No post-ski partying allowed as Austria introduces new coronavirus restrictions
New anti-covid measures imposed by the Austrian government might dash the hopes of those dreaming of a perfect ski holiday
- Freitag, 25. September 2020, 11:30 Uhr
- Anton Stoyanov
Winter tourism plays a vital role in Austria’s economy – and the coronavirus pandemic has severely endangered its wellbeing. With confirmed cases on the rise and under the ominous shadow of the Ischgl outbreak in March (which heralded the cascade of events that ultimately led to the country’s lockdown) the Austrian government has announced new measures aimed at curbing the spread of the virus – specifically in areas engaged with winter tourism activities.
Taking no chances
The measures announced by Austrian Chancellor Sebastian Kurz kicked into effect yesterday evening, Thursday 24 September and are targeted specifically toward high-tourism areas of the country and towards a very concrete manner in which ski tourism has been conducted – namely apres-ski parties.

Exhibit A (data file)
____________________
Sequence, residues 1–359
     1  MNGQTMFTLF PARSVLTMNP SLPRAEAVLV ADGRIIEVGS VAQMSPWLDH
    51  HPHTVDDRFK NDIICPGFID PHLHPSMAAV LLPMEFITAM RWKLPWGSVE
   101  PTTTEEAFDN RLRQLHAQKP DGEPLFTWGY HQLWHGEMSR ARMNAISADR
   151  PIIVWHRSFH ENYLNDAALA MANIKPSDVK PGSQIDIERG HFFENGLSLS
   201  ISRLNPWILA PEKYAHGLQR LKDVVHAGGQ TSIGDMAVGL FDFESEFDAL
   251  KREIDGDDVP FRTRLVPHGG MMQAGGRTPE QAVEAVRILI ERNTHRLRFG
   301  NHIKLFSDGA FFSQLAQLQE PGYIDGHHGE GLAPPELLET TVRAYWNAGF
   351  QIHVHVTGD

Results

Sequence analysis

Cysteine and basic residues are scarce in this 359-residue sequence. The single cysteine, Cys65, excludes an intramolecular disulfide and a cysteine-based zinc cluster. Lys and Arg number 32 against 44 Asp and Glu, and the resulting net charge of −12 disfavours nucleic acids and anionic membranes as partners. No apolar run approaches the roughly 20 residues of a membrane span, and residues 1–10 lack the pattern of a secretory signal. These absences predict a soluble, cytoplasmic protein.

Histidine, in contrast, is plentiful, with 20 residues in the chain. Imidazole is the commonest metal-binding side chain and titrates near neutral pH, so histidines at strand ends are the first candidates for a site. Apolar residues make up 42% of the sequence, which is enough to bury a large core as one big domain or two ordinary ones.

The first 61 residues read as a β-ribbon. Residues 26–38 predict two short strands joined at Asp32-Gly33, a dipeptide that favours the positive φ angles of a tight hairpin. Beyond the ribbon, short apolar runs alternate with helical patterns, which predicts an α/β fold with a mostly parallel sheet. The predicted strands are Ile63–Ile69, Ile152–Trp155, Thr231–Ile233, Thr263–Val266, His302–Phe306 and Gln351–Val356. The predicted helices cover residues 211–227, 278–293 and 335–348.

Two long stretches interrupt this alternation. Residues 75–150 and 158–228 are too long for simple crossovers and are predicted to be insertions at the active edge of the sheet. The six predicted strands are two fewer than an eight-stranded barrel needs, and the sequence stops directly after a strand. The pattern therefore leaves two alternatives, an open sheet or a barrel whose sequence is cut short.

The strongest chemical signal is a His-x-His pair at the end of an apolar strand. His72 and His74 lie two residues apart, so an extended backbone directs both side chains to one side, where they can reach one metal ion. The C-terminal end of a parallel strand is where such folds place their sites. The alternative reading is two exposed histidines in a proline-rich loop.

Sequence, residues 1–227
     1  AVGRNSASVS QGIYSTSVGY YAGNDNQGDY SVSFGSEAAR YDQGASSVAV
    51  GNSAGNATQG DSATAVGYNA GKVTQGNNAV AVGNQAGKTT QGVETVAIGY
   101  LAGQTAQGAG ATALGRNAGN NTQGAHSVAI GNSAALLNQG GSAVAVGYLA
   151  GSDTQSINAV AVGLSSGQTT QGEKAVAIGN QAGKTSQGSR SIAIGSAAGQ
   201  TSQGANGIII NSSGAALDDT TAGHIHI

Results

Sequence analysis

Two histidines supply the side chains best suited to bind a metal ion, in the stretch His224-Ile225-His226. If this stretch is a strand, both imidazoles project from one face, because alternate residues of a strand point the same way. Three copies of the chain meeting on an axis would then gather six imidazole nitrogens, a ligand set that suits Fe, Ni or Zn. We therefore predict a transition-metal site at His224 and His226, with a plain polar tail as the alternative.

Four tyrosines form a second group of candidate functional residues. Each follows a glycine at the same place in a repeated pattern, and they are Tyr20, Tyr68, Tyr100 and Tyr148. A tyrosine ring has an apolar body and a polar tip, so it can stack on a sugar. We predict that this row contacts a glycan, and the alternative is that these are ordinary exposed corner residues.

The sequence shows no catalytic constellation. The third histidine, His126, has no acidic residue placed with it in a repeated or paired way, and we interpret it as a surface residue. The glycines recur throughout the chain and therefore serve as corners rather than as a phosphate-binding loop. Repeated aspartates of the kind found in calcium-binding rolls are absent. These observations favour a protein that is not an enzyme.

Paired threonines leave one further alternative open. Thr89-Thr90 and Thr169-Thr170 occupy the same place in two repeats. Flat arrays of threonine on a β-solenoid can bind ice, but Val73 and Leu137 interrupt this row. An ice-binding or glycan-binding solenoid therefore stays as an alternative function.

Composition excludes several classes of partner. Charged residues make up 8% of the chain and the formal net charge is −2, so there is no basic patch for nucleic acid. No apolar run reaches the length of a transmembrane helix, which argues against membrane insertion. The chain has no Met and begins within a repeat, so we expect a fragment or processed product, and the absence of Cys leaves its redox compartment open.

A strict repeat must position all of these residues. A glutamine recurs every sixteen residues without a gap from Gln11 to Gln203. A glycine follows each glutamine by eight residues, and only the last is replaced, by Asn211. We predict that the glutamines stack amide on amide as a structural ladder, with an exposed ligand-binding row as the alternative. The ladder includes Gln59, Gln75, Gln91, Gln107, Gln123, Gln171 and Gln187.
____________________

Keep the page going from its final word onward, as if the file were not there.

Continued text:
After-skiing activities and parties are traditionally very popular during the winter tourism season in Austria but due to the nature of COVID-19, they are also extremely dangerous, creating conditions for the spread of the disease which might snowball into an imminent threat that would require a new lockdown.
Thus, the bans on such activities are the only sensible solution according to authorities. The states of Tyrol, Vorarlberg and Salzburg – some of the most popular regions of the country during winter, will also have a 10 PM curfew in force in order to limit the spread of the disease. At the same time, however, specific activities will not be banned. Instead, tourists will have to obey stringent rules and regulations – such as the wearing of masks in many places, including on lifts and will have to adhere to social distancing guidelines.
Naturally, however, the government expects such restrictions to lead to a substantial hit to the winter tourism industry. With tourism as a whole accounting for some 15% of Austrian GDP, authorities are eager to protect the branch and have announced numerous support schemes that should be able to keep it afloat during the coming months, despite the reduced influx of tourists and despite the measures that will lead to a reduction in revenue.
TheMayor.EU steht gegen falsche Nachrichten und Desinformation. Wenn Sie online auf solche Texte und Materialien stoßen, kontaktieren Sie uns unter email@example.com